For more information:  http://www.lvpc.org/livable-landscapes.html

Now, because RenewLV believes in regional approaches, regional cooperation and collaboration, we think that it would also be great if Lehigh County undertook a similar process — and we have shared our thoughts with folks we know there.  Stay tuned on this one, but if you agree, we urge you to mention the need for a similar study, too, when you reach out to your elected and appointed officials.

Warm regards,

Joyce Marin, Executive Director

RenewLV

No Joke: Slate Belt Regional Police On Patrol

We posted about this the other day, but it’s worth mentioning again. As of today, the Slate Belt Regional Police Department has begun operations.

A decade ago11075186_755540254545113_3606783924429358602_n, it might have seemed like an April Fools joke, given the years of on-and-off discussion about the possibility of a joint police force in the Slate Belt.

Thanks to the leadership of three communities — Wind Gap, Pen Argyl and Plainfield Township — that were committed to working towards municipal cooperation, that possibility has become a reality.

We’re fans of all sorts of regional collaboration, so it’s gratifying to see an initiative RenewLV has been backing come to pass.

It’s also a victory for the residents of the three municipalities, as the new force ensures they’ll receive 24-hour police coverage, often from officers they’re familiar with.

A regional force will improve the distribution and deployment of personnel and the effectiveness of police operations, while allowing for more opportunities for advancement and specialization within the department.

“Through collaborations, there are efficiencies and economies of scale, and the money goes further,” said RenewLV Executive Director Joyce Marin. “Additionally, through cooperation, joint efforts of this type can access more outside resources such as grants.”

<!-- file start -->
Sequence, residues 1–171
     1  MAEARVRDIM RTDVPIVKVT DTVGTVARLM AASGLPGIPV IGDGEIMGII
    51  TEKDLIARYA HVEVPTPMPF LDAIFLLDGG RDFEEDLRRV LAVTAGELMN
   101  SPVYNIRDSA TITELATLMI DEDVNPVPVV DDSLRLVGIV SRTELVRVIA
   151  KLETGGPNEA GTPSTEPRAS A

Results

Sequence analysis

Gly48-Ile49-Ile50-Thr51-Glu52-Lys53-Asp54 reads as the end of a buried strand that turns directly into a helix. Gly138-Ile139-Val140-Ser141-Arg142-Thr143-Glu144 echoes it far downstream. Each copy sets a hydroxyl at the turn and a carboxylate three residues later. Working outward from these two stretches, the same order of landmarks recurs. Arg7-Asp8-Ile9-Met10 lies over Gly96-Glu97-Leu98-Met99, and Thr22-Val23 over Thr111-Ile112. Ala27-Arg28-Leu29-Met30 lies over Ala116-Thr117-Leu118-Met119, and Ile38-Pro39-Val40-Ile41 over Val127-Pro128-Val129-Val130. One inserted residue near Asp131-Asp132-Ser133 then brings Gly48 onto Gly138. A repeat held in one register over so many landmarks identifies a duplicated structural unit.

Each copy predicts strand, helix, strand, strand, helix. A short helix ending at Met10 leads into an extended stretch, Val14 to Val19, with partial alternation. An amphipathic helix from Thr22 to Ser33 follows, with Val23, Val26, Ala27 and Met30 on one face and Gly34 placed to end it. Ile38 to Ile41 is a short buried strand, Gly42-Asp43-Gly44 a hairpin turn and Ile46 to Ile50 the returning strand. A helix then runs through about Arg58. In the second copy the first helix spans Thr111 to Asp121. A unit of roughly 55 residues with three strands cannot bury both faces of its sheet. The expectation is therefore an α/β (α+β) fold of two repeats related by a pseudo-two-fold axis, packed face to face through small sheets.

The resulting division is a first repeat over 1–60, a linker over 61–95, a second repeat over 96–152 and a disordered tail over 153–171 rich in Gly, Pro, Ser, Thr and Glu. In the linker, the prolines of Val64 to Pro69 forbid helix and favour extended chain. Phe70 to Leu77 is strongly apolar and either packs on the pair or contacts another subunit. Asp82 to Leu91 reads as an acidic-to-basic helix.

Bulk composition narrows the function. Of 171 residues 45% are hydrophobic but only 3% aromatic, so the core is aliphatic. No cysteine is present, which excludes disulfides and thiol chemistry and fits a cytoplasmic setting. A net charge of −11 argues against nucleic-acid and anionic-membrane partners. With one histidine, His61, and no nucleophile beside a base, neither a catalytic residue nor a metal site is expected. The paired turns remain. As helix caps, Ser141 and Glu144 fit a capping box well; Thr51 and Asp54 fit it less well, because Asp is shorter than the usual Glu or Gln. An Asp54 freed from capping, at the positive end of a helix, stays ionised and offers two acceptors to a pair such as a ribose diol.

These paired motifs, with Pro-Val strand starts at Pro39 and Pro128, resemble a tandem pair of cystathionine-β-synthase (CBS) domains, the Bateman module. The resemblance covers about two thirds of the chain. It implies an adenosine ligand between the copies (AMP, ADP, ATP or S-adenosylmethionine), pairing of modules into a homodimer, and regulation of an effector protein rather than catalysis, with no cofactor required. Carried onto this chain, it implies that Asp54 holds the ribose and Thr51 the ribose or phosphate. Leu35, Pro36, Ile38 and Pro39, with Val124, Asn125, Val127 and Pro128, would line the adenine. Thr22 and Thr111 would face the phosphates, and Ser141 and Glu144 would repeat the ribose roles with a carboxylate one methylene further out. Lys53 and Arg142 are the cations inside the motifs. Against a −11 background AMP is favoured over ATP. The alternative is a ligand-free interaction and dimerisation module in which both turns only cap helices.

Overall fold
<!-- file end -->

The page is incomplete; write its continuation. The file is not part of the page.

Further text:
The 22-member force is led by Chief David Mettin, former chief of the Pennridge Regional police in Bucks County and the consultant who helped the three communities put the force together.

“We are now in a position to have the increased capacity and resources not seen before in the Slate Belt,” Pen Argyl Mayor Mikal Sabatine told the Express-Times last week.

We’ll echo the newspaper’s editorial board’s disappointment that Washington Township and Bangor — who had been part of the planning stages — chose not to join the force.

But we hope that other communities see what’s happening in the Slate Belt — and what’s been happening for several years with the Colonial Regional force in the Bath/Nazareth area –and are inspired to take on collaborative projects of their own.

Job Growth Doesn’t Always Mean Smart Growth

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By Michael Sutherland

Where is job growth happening in the Lehigh Valley? And is it smart growth?

A recent report released by the Brookings Institution looked at peoples’ proximity to jobs in the metropolitan areas of the United States.